Linear variable differential transformer LVDT and rotary variable differential transformer RVDT are two specialized transformers.
A basic LVDT and RVDT comprise one primary coil, two secondary coils, and a movable core. If a first coil across which the AC voltage applied is called the Primary coil and two coils that produce output are called secondary coils.
LVDT and RVDT are position sensors and non-contact type. The suitable mechanical arrangement is done to keep the core in a noncontact position in the coil to keep throughout the stroke.
LVDT is an analog inductive passive transducer used as a primary transducer and also used as a secondary transducer in some applications.
LVDT consists of a primary winding P and secondary windings S1, S2 wound on a hollow cylindrical bobbin.
The secondary has an equal number of turns, connected in series opposition so that emf induced int he coils opposite to each other.
The primary winding is connected to an alternating current (AC) source. A movable straight, linear ferromagnetic iron core slides inside the cylindrical bobbin.
The position of the movable core determines the flux linkage between an excited (AC) primary winding and each of the two secondary windings.
As shown in the above figure, at the null position the output voltage is zero.
When the position of the core moves towards the B-side (right), the voltage increases.
As the position of the core moves towards the A-side (left), negative voltage increases.
RVDT operates on the same principle as LVDT with the exception that a rotary ferromagnetic core is used.
One primary winding P and two secondary windings S1 and S2 connected in series internally and differential output is available. The core is cam-shaped and rotated inside the windings through the shaft.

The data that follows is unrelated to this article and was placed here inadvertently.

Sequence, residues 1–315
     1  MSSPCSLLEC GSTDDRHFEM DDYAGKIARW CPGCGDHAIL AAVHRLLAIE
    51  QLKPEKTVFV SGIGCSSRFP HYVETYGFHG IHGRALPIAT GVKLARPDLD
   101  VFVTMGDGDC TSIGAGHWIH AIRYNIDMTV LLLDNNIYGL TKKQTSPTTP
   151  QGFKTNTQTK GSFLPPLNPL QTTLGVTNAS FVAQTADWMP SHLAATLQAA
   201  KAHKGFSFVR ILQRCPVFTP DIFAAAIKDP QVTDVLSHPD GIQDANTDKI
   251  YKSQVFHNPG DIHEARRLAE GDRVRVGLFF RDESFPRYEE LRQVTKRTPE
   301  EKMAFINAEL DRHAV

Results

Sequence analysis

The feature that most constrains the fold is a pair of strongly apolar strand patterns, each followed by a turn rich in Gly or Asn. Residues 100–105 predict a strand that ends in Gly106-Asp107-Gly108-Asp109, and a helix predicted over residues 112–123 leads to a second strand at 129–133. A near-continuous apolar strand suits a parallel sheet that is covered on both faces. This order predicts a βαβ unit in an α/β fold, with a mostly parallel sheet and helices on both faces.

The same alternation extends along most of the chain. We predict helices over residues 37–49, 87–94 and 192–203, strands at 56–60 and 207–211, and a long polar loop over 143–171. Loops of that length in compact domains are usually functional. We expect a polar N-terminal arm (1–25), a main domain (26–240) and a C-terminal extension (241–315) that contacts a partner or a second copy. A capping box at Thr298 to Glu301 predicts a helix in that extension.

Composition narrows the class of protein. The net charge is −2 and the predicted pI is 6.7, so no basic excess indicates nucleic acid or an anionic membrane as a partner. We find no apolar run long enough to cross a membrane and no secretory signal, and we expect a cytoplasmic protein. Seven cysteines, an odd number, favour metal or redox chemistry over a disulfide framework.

The prime use of RVDT is for angular displacement.
RVDTs are capable of continuous 360 degrees rotation but linear over the range +/- 40 degrees.
The core is rotated in clockwise and anti-clockwise directions with respect to the null position.
When the core at the null position the output voltage is zero because the voltage induced in S1 and Voltage induced in S2 are in equal and opposite directions. Differential voltage gets developed across the secondary windings at the output when an angular displacement which is to be measured with respect to the null position is applied to the shaft.
When the core is rotated in a clockwise direction, the voltages increase. If the core is rotated in opposite direction, the voltages increase but there is a phase opposition in the voltages developed.
In both directions, the voltages are increasing but there is a phase opposition with respect to the rotating shaft (clockwise and anti-clockwise).
Comparison of LVDT and RVDT
- Converts linear displacements into electrical voltages.
- Its core is placed in a linear fashion.
- Used for converting left side and right side linear displacements in electrical voltages.
- Converts angular displacements into electrical signals.
- Its core is cam-shaped.
- Used for converting clockwise and anticlockwise angular motions into electrical signals.
Advantages of LVDT:
- Good linearity. The relationship is linear between input displacement and output voltage.
- LVDT can withstand a high degree of shock and vibration.
- Useful for displacement measurements ranging from 1.25 mm 250 mm to electrical signal.
Applications of LVDT:
- It is used as a secondary transducer in measuring force, pressure, and load.
- Used in thickness measurement, level indicators.
Advantages of RVDT:
- It can measure slight angle changes precisely.
- RVDT can withstand extreme environmental conditions.
- Produce high voltage changes with slight movement.
Applications of RVDT:
- It can be used in Aircraft, Oil drilling, hydraulics.
Author: PSS Bapu Rao